A Crude Stab at Protectionism


The “Panhandle Import Reduction Initiative” will hold a rally on September 27 in Carlsbad, to support its effort to reimpose a quota on foreign oil.

Those interested in New Mexico’s economic health should attend the event — and stage a counter-protest.

The New Mexico Oil and Gas Association is opposed to the initiative’s agenda, as are the Texas Oil and Gas Association, the South Texas Energy and Economic Roundtable, the Texas Independent Producers and Royalty Owners Association, and the Permian Basin Petroleum Association. The organizations understand that free trade in black gold can be disruptive, but is preferable to the allocative inefficacy that results from protectionism founded on specious, Eisenhower-era claims about “national security.” Besides, U.S. exports are on the rise. As USA TODAY reported last month, “U.S. crude oil is increasingly finding markets around the world.” Japan is a customer, as is Italy, China, Israel, Panama, and Switzerland. What happens if countries decide to impose quotas of their own?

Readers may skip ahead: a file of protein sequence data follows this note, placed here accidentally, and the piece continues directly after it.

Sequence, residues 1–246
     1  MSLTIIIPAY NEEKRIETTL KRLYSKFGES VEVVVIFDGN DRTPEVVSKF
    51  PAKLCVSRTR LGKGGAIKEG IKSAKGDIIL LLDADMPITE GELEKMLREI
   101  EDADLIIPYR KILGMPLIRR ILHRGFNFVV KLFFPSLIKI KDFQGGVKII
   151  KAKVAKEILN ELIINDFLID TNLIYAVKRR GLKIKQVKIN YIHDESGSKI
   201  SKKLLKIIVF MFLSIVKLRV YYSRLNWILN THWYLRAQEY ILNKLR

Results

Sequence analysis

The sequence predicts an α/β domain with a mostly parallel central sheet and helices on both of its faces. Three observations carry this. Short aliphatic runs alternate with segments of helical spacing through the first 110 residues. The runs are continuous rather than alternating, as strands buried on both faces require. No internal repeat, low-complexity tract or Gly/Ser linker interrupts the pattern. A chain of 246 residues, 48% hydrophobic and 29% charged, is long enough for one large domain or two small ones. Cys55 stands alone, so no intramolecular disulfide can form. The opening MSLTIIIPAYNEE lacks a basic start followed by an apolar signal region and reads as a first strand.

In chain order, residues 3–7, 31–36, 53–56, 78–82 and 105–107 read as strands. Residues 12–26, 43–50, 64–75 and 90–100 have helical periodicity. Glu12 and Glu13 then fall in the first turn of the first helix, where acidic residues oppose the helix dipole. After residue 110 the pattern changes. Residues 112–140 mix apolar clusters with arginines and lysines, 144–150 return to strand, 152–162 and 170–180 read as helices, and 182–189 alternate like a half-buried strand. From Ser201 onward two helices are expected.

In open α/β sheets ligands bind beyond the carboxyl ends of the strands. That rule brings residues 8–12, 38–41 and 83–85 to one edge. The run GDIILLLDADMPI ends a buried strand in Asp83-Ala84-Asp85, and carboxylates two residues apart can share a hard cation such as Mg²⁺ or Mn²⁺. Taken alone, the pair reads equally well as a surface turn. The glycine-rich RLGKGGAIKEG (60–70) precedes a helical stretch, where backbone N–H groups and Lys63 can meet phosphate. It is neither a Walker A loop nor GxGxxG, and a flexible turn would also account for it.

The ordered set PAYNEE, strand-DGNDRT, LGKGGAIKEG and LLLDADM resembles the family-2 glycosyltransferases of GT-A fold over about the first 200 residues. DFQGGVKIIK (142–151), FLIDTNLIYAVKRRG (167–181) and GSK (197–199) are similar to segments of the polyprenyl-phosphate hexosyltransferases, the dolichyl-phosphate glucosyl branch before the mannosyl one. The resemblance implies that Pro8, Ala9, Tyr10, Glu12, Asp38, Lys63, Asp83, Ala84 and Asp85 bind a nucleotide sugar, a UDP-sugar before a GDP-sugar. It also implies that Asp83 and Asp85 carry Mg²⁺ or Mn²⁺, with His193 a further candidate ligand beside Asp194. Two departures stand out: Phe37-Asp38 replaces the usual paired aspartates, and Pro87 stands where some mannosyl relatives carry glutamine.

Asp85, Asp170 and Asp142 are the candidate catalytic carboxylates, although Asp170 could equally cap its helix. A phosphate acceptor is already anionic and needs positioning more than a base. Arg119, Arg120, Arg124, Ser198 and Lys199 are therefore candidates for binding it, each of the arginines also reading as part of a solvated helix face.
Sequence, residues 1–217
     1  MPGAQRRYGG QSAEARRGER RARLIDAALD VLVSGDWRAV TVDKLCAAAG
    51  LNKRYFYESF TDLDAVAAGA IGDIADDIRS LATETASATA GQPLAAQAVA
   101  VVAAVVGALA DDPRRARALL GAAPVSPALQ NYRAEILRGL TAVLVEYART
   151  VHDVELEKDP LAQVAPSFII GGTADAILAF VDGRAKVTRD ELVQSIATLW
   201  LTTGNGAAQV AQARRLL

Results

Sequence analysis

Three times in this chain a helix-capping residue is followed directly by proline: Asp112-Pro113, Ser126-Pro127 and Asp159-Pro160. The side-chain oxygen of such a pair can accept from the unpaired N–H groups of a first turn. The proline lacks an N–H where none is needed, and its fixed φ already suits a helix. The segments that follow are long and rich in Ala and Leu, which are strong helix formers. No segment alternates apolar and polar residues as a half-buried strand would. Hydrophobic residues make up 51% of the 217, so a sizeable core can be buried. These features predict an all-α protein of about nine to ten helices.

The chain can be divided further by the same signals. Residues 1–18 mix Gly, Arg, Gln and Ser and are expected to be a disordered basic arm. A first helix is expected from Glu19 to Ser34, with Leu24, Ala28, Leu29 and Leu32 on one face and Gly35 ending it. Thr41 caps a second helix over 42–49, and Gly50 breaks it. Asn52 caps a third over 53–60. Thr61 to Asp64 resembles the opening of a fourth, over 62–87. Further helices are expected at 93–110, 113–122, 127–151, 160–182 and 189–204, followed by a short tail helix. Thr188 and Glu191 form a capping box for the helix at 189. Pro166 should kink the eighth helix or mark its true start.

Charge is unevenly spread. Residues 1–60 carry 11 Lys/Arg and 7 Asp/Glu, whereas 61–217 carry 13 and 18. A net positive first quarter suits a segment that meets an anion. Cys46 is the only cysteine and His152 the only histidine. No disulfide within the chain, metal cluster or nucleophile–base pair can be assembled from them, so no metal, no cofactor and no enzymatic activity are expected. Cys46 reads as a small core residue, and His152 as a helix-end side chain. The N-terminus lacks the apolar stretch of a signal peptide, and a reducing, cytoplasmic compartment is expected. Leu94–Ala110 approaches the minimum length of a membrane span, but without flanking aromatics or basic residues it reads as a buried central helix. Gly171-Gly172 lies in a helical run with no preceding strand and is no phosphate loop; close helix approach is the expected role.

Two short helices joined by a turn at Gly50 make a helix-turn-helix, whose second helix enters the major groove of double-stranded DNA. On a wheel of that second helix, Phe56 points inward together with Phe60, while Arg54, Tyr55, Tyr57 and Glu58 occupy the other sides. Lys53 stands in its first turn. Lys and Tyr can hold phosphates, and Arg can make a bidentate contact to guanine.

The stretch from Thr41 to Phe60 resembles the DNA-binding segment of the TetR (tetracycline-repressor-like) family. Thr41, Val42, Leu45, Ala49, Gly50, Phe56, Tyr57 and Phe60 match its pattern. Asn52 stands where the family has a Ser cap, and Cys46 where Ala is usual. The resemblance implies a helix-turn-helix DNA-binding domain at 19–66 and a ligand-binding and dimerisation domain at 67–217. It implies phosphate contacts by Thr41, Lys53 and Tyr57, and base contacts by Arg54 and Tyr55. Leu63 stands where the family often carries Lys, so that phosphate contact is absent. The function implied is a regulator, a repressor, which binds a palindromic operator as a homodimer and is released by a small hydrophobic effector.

Yes, low prices have curtailed petroleum production — not just in New Mexico, but nationally. But the rollback is a setback, not a catastrophe. New Mexico’s production peaked in May 2015, and has fallen by 10.2 percent since then. That’s less than the national decline. U.S. production maxed out in June 2015, and is down 11.8 percent. Despite Saudi Arabia’s attempt to destroy the fracking-enabled boom in U.S. petroleum, producers are holding on. It hasn’t been pretty. But protectionism is no “solution” to pain in the oil patch.

Daniel Fine, an ex-MITer now with New Mexico Tech’s New Mexico Center for Energy Policy and the Energy, Minerals and Natural Resources Department, is a “founder” of the Panhandle Import Reduction Initiative. So it appears that taxpayers are subsidizing a policy proposal that’s sure to damage the state’s economy. That needs to stop, now.